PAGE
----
“Beautiful” or “Extreme”?

The newest issue of Time magazine offers a cover that’s sure to stir up debate in parenting circles.

A lovely, blonde, 26-year-old stay-at-home mom from Los Angeles is portrayed breastfeeding her three-year-old son, who’s standing on a chair to reach mom’s milk.

The mother justifies still nursing her young child with the fact that her own mother didn’t wean her until she was six!

Now, I’m way past the nursing stage. My son is 21 years old, in college, and by all definitions, a man. But I find myself disturbed by “attachment parenting,” something concocted by Dr. Bill Sears 20 years ago.

“Attachment parenting” proponents believe moms should rush to their child, respond to its every cry, form close bonds by hovering physical contact, let the child sleep in its parents’ bed, and carry children in slings rather than pushing them in strollers.

That goes against the grain of what I learned about child care.

I believe children grow and mature when they learn they’re able to do things for themselves. Things like sleeping. And eating.

Domer’s pediatrician told me when my son was just about to turn over his first birthday that the bottle had to go, or I’d have trouble weaning him. He also said rocking and singing to Domer every night before bedtime was nice but unnecessary, suggesting I put my son in the crib, turn out the light, and shut the door.

Doc (bless him!) was right on both counts.

So it concerns me when I read about a three-year-old still nursing. I mean, this child has teeth, for crying out loud! Not only that, but most kids three years old are in day care or preschool. Do they expect mom to show up periodically for feedings there?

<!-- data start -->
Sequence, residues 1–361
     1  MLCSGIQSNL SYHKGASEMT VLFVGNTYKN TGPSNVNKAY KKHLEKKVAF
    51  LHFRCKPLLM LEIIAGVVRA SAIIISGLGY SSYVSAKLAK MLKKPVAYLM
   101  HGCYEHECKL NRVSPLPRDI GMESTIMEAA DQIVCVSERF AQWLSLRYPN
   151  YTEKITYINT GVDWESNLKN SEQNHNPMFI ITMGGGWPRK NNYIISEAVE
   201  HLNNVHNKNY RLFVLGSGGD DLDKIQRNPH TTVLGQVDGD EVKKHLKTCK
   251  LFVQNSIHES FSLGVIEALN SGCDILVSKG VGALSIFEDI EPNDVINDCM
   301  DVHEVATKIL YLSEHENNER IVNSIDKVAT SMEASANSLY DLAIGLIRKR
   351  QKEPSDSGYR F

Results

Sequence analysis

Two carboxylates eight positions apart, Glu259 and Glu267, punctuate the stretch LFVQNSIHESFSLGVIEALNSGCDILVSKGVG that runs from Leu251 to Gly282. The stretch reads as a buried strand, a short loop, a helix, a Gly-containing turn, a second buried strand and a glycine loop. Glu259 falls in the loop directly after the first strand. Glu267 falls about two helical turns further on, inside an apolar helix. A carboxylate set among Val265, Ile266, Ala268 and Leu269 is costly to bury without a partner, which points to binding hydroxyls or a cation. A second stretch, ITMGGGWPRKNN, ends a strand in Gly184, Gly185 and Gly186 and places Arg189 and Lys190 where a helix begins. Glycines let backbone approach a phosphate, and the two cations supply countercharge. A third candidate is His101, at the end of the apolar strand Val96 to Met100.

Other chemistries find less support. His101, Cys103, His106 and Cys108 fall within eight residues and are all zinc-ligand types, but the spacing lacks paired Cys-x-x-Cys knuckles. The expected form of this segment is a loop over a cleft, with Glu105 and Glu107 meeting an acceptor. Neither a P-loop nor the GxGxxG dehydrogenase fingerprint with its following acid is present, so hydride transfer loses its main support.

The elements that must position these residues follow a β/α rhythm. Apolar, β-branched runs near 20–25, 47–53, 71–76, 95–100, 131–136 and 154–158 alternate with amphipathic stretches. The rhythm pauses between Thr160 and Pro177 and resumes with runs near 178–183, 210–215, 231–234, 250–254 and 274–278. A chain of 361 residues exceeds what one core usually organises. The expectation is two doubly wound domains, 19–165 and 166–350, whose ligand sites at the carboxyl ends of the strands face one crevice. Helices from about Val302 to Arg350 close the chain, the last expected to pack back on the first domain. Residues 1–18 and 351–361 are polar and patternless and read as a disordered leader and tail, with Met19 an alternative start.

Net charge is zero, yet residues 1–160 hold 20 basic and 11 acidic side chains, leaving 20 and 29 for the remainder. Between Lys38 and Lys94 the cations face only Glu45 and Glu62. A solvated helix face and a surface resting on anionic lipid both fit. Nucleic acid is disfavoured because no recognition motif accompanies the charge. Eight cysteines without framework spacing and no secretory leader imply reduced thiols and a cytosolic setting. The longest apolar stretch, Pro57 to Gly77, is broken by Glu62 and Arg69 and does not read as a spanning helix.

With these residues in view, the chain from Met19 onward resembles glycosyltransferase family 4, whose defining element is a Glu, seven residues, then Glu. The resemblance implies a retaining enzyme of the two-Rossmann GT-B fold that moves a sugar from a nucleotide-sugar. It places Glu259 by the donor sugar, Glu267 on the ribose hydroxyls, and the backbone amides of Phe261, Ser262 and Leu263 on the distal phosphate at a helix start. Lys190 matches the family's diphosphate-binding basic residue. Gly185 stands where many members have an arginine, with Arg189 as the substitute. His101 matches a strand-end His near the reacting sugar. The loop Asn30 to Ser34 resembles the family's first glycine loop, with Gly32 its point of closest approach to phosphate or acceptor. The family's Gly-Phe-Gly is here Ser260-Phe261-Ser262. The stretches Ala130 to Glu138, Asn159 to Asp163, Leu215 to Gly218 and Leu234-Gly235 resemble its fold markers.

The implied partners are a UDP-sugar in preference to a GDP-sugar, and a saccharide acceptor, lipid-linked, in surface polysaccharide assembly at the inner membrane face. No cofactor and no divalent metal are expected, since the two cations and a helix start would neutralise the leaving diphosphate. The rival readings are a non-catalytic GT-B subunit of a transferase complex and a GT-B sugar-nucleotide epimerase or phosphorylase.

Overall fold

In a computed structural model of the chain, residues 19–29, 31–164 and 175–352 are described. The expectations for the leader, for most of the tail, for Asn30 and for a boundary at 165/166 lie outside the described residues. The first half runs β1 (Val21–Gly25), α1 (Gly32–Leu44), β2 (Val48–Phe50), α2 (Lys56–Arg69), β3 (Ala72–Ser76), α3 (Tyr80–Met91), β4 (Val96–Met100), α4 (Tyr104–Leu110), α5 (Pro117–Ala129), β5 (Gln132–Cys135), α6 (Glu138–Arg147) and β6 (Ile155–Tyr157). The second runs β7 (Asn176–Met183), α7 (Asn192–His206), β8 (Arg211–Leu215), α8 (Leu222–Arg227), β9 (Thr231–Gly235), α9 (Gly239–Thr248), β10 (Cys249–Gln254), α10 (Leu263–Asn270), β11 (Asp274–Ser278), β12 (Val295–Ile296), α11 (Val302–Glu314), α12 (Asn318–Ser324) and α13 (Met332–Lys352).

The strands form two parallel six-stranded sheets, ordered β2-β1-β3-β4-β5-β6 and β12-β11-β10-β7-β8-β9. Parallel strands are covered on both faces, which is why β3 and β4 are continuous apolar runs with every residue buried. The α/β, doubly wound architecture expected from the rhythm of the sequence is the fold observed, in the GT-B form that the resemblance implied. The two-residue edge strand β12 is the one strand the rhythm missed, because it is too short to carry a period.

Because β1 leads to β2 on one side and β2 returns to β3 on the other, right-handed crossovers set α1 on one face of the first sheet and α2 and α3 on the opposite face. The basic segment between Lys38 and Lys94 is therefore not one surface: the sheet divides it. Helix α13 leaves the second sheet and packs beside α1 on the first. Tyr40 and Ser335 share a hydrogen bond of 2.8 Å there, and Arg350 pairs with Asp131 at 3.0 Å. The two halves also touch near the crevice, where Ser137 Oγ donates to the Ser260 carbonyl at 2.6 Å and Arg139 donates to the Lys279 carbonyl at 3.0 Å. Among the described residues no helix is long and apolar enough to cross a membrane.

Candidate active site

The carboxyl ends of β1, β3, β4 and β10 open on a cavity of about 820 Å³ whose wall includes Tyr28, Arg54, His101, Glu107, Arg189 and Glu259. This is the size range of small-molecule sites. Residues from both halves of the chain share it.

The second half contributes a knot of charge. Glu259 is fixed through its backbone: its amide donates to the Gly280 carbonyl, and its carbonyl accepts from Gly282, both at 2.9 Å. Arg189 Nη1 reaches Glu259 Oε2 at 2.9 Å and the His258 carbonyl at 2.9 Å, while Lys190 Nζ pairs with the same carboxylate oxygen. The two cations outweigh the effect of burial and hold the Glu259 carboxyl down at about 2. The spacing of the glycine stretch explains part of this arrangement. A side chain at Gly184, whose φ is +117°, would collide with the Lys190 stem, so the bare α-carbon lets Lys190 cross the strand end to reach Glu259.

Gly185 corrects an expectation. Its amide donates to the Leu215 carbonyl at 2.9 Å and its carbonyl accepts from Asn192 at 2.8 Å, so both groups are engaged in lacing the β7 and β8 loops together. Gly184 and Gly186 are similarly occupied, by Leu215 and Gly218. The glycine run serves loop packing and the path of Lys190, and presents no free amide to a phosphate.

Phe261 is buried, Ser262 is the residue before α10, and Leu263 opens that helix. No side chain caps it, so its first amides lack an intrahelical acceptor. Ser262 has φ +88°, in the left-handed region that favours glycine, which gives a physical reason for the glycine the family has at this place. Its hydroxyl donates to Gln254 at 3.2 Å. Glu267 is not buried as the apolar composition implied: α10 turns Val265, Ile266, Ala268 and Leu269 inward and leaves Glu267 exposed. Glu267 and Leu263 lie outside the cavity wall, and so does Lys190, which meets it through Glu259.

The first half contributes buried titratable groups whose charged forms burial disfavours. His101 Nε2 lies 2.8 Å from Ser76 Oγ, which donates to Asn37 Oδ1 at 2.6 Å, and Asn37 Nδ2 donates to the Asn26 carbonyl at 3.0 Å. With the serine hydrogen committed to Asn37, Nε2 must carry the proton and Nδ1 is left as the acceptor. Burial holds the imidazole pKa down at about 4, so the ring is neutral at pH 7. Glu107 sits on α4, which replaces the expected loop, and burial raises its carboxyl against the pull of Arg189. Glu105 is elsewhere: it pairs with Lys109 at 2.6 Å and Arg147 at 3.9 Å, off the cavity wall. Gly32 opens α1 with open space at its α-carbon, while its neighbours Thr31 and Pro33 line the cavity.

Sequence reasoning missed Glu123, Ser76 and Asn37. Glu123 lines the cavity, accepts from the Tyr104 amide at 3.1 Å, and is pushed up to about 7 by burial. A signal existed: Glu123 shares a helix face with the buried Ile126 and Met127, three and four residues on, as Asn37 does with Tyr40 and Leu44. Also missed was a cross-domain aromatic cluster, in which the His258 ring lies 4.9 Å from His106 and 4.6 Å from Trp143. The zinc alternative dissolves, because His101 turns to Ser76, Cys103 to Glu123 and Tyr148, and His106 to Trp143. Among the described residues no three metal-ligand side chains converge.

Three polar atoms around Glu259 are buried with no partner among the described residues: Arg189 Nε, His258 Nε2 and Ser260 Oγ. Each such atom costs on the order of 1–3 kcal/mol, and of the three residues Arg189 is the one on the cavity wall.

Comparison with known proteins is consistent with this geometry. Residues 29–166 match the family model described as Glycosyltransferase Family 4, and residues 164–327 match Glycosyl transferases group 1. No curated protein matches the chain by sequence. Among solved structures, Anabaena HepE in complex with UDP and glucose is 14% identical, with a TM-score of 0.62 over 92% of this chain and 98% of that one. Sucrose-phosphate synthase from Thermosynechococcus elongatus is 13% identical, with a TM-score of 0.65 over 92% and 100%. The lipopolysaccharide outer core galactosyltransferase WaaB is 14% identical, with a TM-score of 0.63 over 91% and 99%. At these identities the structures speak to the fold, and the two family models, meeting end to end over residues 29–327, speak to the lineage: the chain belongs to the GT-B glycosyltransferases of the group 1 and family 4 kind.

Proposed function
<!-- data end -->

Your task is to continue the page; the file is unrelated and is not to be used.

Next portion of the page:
And another thing. What psychological effect does breastfeeding have on the development of a young child, if that child is almost old enough to realize what’s happening? Doesn’t it become more than mere “food” when a child is walking, talking, interacting with others, thinking, and reasoning?

Years ago, I came into contact with a woman who admitted breastfeeding her four-year-old child “occasionally. I thought that was odd. Now I learn some breastfeeding proponents are hoping American moms will become comfortable nursing children of any age!

Seriously? Are we supposed to follow them to college, too? Maybe they can nurse on us while their kids nurse on them!

I didn’t buy into this “trend” when Domer was little, and I’m not buying it now. It’s like these moms are finding their sole mission in life being tethered to their kids. Making decisions for them. Refusing to let them grow up. Refusing to welcome their own next stage of life.

Parenting means giving your kids roots and wings. Roots to ground them. Wings to fly.

“Attachment parenting” prolongs the baby stage, which is already long enough, isn’t it?

What do you think? Is breastfeeding beyond babyhood beautiful, or is it extreme?